On this day in 1964, Congress passed the Civil Rights Act of 1964. It is considered the most important civil rights legislation in recent history, as it prohibited discrimination on the basis of race, color, religion, sex or national origin.
Written by Jeh Charles Johnson, Secretary of Homeland Security
As we note the 50th anniversary of the Civil Right Act of 1964, we commemorate the hard work, leadership and sacrifice of those who worked to achieve passage of this law, and celebrate the progress our Nation has made because of it.
The country has progressed in ways that would have been unimaginable to those who were present for the bill signing by President Johnson 50 years ago. But, discrimination and intolerance has many forms, against many types of victims, and persists today. We also know from our history that in times of national crisis, suspicion of those who are different grows.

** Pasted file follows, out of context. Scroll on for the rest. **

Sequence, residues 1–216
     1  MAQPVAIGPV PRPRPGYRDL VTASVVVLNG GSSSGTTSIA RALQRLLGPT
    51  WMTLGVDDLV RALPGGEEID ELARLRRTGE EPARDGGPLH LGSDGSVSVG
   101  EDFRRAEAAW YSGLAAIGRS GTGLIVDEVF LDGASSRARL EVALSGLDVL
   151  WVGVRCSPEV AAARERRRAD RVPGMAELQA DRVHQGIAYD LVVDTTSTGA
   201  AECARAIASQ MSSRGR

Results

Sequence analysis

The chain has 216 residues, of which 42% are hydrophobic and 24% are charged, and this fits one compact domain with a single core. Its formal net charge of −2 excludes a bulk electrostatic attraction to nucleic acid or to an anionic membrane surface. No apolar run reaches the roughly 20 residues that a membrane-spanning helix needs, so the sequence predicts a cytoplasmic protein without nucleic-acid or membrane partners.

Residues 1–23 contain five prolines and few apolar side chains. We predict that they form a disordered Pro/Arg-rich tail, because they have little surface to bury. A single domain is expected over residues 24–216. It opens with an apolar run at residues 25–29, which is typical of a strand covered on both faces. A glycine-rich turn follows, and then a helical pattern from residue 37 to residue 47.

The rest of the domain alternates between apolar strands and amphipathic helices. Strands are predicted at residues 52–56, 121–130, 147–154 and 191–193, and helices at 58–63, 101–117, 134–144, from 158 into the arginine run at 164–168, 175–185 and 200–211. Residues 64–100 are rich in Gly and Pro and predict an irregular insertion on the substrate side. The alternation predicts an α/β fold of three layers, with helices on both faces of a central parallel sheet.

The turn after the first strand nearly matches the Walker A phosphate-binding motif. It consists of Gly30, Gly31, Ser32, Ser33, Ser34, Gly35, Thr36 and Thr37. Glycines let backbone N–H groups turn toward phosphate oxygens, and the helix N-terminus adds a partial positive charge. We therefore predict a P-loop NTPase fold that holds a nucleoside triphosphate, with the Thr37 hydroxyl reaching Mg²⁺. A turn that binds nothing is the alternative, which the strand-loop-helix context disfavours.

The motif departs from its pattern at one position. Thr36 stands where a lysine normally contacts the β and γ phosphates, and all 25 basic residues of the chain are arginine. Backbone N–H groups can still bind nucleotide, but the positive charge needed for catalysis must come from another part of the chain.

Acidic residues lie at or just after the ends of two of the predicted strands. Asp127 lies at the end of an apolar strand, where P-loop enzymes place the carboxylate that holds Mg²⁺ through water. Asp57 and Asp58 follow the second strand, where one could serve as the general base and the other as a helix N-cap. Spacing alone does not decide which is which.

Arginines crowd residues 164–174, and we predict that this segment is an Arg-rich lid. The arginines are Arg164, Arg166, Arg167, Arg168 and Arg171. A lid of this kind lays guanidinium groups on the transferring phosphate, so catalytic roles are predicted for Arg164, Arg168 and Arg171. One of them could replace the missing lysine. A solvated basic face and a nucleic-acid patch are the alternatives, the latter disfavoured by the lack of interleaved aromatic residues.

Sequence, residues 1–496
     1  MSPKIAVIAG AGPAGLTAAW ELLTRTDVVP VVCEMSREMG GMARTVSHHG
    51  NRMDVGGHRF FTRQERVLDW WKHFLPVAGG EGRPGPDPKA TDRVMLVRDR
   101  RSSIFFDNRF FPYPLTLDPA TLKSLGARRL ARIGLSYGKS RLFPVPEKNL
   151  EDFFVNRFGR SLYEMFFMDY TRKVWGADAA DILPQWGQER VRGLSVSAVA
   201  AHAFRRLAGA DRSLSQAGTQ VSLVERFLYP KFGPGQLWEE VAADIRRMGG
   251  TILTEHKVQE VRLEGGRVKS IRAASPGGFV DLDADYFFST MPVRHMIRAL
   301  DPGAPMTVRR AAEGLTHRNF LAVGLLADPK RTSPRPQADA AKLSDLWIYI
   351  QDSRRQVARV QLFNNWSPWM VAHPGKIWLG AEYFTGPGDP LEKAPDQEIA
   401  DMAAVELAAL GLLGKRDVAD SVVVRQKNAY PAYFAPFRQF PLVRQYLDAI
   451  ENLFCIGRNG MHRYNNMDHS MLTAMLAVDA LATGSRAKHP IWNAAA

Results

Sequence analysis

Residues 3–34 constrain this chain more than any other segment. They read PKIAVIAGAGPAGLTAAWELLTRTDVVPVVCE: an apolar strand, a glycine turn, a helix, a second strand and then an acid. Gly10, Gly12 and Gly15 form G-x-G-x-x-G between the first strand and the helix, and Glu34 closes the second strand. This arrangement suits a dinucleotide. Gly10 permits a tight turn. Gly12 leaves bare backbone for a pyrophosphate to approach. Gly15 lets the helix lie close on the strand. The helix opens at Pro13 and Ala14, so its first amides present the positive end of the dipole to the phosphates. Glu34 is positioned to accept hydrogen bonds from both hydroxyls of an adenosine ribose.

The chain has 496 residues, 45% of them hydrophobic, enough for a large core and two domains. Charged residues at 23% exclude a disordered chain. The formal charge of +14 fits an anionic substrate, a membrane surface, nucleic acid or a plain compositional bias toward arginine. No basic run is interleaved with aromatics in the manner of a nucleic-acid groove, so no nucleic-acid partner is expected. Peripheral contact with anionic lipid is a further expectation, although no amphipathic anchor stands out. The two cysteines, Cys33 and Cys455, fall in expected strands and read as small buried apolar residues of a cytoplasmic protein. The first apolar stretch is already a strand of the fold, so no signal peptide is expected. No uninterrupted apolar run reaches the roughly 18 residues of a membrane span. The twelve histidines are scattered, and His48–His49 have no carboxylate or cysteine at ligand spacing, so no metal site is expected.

The Department of Homeland Security was formed in the wake of the 9/11 attack. We are dedicated to securing our border from attack by land, sea or air, and to maintain the security of our people at home. As I have said many times, we must not and will not pursue this homeland security mission at the cost of our values as a Nation of people who cherish our civil liberties and civil rights, and celebrate our diversity. This is keeping with the landmark law we celebrate today.
As the Secretary for the Department of Homeland Security, I am committed to the continued progress toward a more perfect union.
Jeh Charles Johnson
Secretary of Homeland Security